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Robert E. Lee High School The Laramie Project

By • Nov 23rd, 2011 • Category: Cappies

“Said defendants left the victim begging for his life.” The judge filled the courtroom with these haunting words during the case of Matthew Shepard’s murder in Laramie, Wyoming. And those words would fill the town, destroying its reputation, and leaving the citizens deeply saddened. The incident shocked the whole nation and was labeled as a belligerent hate crime. However, in Robert E. Lee High School’s production of The Laramie Project, the true story unfolds, apart from just the headlines.

The Laramie Project was written by Moisés Kaufman and the members of the Tectonic Theater Project and consists of a series of interviews. Each scene is an excerpt from one of the 200 interviews that the Tectonic Theater Project conducted after the murder hit nationwide news. Showing both sides of the issue creates a depth to the play and allows for empathy to grow.

Because the play has over 60 characters, all of the actors truly had a tough job of switching characters and developing each one; however, they admirably succeeded, creating a great ensemble piece. They clearly each worked together to form a sense of camaraderie among the cast, exemplified by the group breath at the beginning and ending of the play. This teamwork helped move their play forward, without anyone trying to outdo the other.

Although the parts were evenly distributed among the cast, and they created distinctions between their characters, some characters shone more than others. For instance, Dennis Shepard, played by Danielle Payne, was both moving and believable. Although Danielle was playing a man, she never once resorted to a faulty voice to make the distinction. Instead, her posture and movements did the work for her, making her monologue memorable and impressive. Payne also showed her range as an actress as she portrayed Romaine Patterson. As Romaine, she walked on stage in a black leather jacket, holding the ends, giving the impression of a girl trying to hide her emotions about what happened to Matt. However, once she began to blossom as an activist for gay rights, she became more open and sure of herself.

Another standout was Emily Kelly. The differentiation between her roles were by far the greatest, going from Doc O’Connor, an antsy limousine driver who sometimes drove Matt, to Zubaida Ula, a Muslim Student at the University of Wyoming, and quite a few more. Her use of an accent for Doc was not over the top and added to her humorous lines that otherwise could have been depleted without it. Each of her roles was subtle but strong, and continued to be impactful as the play progressed.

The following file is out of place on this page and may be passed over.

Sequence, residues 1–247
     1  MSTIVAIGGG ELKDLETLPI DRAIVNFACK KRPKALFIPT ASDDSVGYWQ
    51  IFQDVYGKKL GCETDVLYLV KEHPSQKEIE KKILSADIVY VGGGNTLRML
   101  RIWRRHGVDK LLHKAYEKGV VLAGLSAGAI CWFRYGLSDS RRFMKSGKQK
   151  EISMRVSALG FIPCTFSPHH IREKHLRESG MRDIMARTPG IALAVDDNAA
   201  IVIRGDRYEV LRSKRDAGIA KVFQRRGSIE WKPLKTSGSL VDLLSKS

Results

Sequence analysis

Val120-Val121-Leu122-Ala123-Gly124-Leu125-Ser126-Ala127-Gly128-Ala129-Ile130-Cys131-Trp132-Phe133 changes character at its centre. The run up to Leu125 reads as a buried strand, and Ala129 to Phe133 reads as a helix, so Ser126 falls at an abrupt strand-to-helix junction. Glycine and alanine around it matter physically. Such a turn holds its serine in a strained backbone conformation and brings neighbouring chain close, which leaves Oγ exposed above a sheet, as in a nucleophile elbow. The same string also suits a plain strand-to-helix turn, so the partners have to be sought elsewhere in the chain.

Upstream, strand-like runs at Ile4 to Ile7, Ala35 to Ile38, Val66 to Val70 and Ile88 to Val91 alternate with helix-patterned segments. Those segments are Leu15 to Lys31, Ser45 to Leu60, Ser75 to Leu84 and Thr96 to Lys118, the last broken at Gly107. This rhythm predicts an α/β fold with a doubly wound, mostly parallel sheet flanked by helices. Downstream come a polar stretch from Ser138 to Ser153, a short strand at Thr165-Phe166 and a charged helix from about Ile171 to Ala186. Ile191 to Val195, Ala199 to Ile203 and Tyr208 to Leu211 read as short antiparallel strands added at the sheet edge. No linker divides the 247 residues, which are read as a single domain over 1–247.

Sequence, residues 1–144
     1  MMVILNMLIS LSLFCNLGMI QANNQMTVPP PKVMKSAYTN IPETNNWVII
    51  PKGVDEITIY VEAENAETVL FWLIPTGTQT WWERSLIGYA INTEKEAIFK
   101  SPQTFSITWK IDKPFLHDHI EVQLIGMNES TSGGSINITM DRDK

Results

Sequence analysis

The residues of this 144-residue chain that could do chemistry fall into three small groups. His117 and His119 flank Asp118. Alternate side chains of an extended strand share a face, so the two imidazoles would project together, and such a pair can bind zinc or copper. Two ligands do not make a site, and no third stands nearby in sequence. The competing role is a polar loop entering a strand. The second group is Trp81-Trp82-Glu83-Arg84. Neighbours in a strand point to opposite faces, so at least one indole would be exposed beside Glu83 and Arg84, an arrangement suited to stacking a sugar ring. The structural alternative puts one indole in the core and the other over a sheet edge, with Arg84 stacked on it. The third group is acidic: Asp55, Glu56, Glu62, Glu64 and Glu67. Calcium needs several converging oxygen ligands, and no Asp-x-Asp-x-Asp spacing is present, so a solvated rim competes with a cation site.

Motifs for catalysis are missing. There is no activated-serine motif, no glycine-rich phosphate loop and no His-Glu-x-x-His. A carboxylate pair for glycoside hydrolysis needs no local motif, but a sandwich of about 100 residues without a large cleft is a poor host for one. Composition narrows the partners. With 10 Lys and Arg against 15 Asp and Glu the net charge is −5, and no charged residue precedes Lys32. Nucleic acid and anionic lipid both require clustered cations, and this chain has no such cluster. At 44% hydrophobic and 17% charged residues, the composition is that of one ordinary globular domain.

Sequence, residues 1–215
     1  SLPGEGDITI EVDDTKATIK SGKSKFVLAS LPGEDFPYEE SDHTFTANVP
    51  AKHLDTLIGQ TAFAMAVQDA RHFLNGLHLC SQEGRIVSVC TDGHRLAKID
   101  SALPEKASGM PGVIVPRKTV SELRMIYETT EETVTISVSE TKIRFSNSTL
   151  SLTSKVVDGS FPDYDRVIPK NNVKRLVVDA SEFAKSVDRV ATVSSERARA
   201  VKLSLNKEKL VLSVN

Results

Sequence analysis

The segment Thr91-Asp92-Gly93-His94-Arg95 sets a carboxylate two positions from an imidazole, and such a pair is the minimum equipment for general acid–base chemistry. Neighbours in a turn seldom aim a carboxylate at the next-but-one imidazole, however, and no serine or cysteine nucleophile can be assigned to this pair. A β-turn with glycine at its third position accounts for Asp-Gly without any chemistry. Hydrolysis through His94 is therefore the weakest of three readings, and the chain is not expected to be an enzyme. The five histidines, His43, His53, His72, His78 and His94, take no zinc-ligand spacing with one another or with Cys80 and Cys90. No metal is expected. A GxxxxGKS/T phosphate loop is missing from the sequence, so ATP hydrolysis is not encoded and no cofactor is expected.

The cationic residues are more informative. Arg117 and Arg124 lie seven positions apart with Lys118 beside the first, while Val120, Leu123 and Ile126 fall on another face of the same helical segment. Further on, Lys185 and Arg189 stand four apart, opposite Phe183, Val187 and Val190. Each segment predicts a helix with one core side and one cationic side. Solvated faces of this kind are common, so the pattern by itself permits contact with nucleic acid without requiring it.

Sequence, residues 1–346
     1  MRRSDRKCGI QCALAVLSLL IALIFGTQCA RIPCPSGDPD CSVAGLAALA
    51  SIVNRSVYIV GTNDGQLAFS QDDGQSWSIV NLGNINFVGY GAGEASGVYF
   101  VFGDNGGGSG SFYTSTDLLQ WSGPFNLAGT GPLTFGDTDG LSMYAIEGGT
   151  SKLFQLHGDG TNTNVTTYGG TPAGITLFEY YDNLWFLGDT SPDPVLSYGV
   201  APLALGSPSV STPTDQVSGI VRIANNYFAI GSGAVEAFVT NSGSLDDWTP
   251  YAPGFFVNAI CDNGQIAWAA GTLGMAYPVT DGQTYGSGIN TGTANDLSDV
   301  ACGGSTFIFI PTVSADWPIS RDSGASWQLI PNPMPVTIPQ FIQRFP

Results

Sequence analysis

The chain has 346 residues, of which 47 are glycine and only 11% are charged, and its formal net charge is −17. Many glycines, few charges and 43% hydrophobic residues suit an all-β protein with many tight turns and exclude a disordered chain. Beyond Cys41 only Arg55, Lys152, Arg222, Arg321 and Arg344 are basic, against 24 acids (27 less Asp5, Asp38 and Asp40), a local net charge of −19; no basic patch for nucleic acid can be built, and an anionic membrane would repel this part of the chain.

The set, done by Sean DeWitte and Robbie Labadie, was minimalistic, a smart move as not to detract from the actors’ performances on stage. The stage had a few black boxes and benches that the actors easily moved around as well as a fence in the corner, a constant reminder of the place Matthew Shepard was left to die. Although the flats that alternated in the background were unneeded and a little distracting, the set served its purpose as a canvas for the actors to take full control of. The sound also was very simplistic and yet effective, such as the use of a tape recorder sound when the defendant was being interviewed.

In Robert E. Lee’s production of The Laramie Project, the overall message of a town coming together after a tragedy was emphasized by the actors coming together to make this play and serve it justice. And the actors achieved what they set out to do, tell the real story of Matthew Shepard.

by Shannon Kitchen of Manassas Park High School

Photo Gallery

Vincent Zhao, Bethany Engel, Erin Williams Keller Collins
Vincent Zhao, Bethany Engel, Erin Williams
Keller Collins
Vincent Zhao, Robbie Labadie Robbie Labadie, Erin Williams, Danielle Payne
Vincent Zhao, Robbie Labadie
Robbie Labadie, Erin Williams, Danielle Payne
Danielle Payne
Danielle Payne

Photos by Andrea Berting

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